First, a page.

Are you getting paid to pitch? Really. That same question again. Well, actually, yes. Or so it seems.
At a recent EVCOM-hosted Campfire Session at Tobacco Dock London, attended by 25 hardened sales and business development professionals from a number of agencies the question was asked again. And rather emphatically.
Why is the time and the creative effort that goes into responding to a pitch opportunity not recognised in monetary terms by our prospective clients? And particularly now that the industry has reached the point of maturity – like advertising or architecture – where the cost of creative input, however speculative, can be measured and, ergo, rewarded?
All those present at the session agreed that the traditional pitch was an expensive way to win work. Clients, with seemingly little understanding of the time it takes to develop one creative concept let alone a choice of three (or in some referenced cases more) and with all costs firmly resting on the agency’s bottom line, were unsympathetic to the cost of pitching. And, perhaps more importantly, were oblivious to the fact that, by default, they were only hearing from the most well-heeled (or larger) agencies when going to market.
It was also anecdotally noted that unsuccessful agencies were still seeing creative concepts re-purposed by winning agencies. And commissioning clients who kept budgets invisible at pitch stage, in the belief that this ensures only best value solutions were brought to pitch, were also held to account.
Yet, although the debate was a long and well fought, the group reluctantly concluded that there would always be competing agencies willing to break ranks and pitch at no cost and, therefore, the idea of getting paid to pitch remained aspirational – for now.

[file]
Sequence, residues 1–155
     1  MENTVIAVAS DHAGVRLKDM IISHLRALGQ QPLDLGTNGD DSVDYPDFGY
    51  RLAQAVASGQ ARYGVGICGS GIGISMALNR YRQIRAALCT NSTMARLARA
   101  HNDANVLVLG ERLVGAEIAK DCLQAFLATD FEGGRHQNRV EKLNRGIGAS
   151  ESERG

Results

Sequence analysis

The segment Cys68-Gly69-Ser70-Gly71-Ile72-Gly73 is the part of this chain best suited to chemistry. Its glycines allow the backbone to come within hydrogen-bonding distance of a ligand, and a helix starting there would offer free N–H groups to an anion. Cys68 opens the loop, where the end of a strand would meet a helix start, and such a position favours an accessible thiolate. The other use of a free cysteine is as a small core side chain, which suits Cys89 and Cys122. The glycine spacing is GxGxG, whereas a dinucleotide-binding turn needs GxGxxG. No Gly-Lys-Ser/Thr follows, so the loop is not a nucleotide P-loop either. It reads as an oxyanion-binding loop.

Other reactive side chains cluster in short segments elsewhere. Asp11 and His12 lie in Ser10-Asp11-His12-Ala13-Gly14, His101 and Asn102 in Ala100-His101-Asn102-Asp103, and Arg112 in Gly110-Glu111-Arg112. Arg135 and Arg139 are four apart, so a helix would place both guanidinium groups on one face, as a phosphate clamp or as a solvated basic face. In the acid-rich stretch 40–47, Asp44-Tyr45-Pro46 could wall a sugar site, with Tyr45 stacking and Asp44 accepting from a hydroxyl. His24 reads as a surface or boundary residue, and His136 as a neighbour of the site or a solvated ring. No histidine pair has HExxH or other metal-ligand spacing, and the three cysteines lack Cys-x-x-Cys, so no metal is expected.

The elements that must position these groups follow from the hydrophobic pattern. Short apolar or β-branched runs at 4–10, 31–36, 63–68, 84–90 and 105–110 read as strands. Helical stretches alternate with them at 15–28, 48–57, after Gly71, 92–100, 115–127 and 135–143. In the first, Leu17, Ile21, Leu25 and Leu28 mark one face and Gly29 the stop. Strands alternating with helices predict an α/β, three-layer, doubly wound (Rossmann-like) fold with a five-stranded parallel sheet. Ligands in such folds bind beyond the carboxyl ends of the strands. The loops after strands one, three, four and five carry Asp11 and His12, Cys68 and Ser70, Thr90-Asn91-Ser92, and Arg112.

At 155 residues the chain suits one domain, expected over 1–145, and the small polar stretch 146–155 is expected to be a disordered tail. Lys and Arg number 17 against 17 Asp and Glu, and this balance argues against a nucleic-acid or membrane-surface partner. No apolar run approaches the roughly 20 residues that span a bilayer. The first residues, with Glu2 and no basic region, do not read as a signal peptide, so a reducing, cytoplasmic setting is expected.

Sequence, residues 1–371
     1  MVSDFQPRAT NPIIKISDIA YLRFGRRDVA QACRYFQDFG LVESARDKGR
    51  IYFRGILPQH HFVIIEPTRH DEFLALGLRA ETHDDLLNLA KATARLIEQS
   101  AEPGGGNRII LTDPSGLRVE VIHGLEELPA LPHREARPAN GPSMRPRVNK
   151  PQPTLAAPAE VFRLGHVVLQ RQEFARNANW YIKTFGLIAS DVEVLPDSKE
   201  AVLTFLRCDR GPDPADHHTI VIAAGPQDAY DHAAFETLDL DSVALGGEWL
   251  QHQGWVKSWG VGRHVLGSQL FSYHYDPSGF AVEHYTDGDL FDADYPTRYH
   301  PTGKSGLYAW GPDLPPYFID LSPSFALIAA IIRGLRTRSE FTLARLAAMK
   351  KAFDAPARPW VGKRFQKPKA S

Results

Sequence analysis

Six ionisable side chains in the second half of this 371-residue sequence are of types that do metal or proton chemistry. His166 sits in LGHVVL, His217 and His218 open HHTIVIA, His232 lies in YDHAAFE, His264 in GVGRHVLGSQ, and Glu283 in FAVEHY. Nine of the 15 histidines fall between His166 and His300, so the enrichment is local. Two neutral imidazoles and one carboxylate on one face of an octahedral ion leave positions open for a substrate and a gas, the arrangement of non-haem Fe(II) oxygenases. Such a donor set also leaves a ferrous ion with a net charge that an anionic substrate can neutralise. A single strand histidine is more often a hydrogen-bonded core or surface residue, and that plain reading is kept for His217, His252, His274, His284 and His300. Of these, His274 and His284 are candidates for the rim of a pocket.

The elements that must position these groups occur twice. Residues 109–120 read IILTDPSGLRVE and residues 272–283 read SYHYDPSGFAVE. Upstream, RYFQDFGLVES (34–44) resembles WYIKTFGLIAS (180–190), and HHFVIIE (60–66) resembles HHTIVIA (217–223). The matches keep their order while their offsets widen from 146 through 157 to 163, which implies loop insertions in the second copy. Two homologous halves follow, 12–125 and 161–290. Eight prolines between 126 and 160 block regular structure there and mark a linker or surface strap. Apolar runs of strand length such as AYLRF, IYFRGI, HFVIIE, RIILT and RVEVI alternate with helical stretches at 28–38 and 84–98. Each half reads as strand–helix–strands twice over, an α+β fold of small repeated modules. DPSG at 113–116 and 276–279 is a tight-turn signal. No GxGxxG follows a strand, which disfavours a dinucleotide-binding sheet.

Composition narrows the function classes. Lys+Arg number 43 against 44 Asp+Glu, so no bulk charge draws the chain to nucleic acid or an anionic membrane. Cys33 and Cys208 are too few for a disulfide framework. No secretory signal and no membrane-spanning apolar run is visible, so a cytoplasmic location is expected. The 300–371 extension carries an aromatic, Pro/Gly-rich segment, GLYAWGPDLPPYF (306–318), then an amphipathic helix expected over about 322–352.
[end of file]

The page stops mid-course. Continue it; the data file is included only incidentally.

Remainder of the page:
The group shared a number of “red flags” throughout the proposal and pitch process that, if well observed, would net an agency a bigger time and cost saving than any upfront per pitch payment ever could.
So, simply put, if you are brave and apply these “red flags” you might increase your profits considerably by working smarter not harder. Don’t pitch if no budget is declared, more than five agencies have been briefed, a pre-meeting is declined, there is no response or inadequate response to pre-pitch Q&A, the budget holder is not named, known or invited and if it is not your core business.
Sure, we all instinctively know and recognise these red flags but continue to try our luck. And, of course, every now and then, we win. But as we are an industry that survives on tiny margins, changing how much time we spend on pitches that you don’t win could have a much bigger effect on your bottom line than winning those pitches in the first place.
So, there is more than one way to get paid to pitch. Whilst clients may not be prepared to invest in each and every pitch opportunity and some competing agencies will always “break ranks”, observing the red flags will save you time and effort (not to mention heartbreak) that will amount to the same in real monetary terms and make pitching and winning more business a highlight of every working day.